Major League Baseball and all 30 teams are suing their insurance providers, citing billions of dollars in losses during the 2020 season, played almost entirely without fans due to the coronavirus pandemic.
The suit, filed in October at the California Superior Court in Alameda County and obtained on Friday by The Associated Press, says providers AIG, Factory Mutual and Interstate Fire and Casualty Company refused to pay the claims made by MLB despite the league’s ‘total risk’ policy purchases.
The league claims to have lost billions of dollars in unsold tickets, hundreds of millions in concessions, tens of millions in parking lots and millions more in suites and luxury seat licenses, park merchandise sales and corporate sponsorships. He also cites more than a billion dollars in losses in the local and national media, as well as tens of millions in lost revenue for MLB Advanced Media. It says that all these losses must be covered by the policies.
The MLB stopped spring training and postponed the start of its regular season in March, and then started a truncated schedule in late July, during which fans were barred from entering the stadiums. Teams were limited to 60 regular season games, compared to 162. Most postseason games were played without fans, although there was limited capacity of around 11,000 per game for the National League Championship and World Series in Arlington, Texas .
“Due to COVID-19, Major League Baseball entities, including those of the 30 major league clubs, incurred significant financial losses as a result of our inability to play, host fans and conduct normal business operations for much of the 2020 season. “the league said in a statement to the AP. “We firmly believe that these losses are fully covered by our insurance policies and are confident that the court and the jury will agree. ”
Messages requesting comments were not immediately returned by insurers.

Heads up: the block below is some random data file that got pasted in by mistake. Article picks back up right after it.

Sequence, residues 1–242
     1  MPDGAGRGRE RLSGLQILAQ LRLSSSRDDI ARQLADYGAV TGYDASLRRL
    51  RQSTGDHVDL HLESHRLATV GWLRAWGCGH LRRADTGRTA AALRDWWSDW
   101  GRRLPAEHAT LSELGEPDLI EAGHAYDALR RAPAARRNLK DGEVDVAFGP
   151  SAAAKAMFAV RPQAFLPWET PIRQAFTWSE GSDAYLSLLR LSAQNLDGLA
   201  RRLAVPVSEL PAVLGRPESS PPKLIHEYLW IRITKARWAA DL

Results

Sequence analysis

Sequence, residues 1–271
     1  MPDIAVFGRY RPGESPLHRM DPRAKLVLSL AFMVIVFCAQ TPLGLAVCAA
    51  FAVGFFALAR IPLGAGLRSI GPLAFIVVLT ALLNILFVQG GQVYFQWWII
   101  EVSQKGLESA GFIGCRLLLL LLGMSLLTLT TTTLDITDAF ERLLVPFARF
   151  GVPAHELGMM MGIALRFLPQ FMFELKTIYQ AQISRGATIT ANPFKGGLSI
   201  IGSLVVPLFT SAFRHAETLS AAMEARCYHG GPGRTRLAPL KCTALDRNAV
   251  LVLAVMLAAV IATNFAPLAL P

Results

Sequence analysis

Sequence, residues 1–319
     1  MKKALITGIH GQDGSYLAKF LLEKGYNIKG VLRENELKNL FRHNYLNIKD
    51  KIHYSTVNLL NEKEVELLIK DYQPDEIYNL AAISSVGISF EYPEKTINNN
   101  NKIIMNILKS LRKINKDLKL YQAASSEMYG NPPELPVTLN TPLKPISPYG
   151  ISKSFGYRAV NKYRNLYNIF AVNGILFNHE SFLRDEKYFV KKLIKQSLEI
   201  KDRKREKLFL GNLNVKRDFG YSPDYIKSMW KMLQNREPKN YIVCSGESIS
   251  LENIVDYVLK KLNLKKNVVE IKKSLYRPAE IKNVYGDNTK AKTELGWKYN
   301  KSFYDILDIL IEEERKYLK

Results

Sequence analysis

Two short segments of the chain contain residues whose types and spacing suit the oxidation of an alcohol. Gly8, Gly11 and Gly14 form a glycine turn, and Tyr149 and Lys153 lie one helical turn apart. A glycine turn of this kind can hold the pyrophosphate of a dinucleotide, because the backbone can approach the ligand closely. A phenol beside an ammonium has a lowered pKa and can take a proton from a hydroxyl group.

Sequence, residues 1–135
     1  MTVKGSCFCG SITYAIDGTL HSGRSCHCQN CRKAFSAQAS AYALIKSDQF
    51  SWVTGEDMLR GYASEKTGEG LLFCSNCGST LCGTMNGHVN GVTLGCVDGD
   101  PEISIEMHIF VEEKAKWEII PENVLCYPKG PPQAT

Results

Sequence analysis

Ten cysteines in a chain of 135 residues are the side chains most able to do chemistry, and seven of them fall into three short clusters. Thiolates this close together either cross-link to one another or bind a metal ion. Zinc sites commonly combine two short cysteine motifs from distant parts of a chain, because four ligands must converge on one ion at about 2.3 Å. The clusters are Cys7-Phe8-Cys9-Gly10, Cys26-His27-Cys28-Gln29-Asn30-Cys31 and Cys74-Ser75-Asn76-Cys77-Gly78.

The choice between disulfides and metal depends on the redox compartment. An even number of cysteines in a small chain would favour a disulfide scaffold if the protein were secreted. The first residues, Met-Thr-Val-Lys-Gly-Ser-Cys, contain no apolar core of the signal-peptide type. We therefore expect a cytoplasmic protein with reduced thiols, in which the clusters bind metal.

More than 1,400 lawsuits have been filed against insurers regarding pandemic-related business interruption claims, according to data compiled by the University of Pennsylvania’s Carey School of Law. This includes several similar lawsuits from minor league baseball teams, whose season was completely overturned when baseball commissioner Rob Manfred canceled it.
At least one of these minor league cases, filed in Arizona and led by Chattanooga Observers, has already been closed due to a virus exclusion from politics.
In many cases, insurers insist that financial losses caused by the coronavirus do not constitute physical loss or damage to property. The MLB claims that the virus has led to both.
“The presence of coronavirus and COVID-19, including, but not limited to, droplets or cores of coronavirus on solid surfaces and in the air on the insured property, has caused and will continue to cause direct physical damage to physical property and ambient air on the premises , ” says the suit. “Coronavirus, a physical substance, attached and adhered to the Claimants’ property and, in doing so, changed that property. This presence also directly resulted in the loss of use of these facilities. ”
Many teams have dismissed frontline staff in response to the pandemic, and many are predicting a low season for free agency players. Several clubs have already dismissed top players as a way to save money, even when the Cleveland Indians declined a $ 10 million All-Star club option three times Brad Hand and the Chicago Cubs failed to offer a contract for popular slugger Kyle Schwarber, allowing the 2016 World Series champion to become a free agent.
The MLB did not say whether spring 2021 training or the regular season would start on time.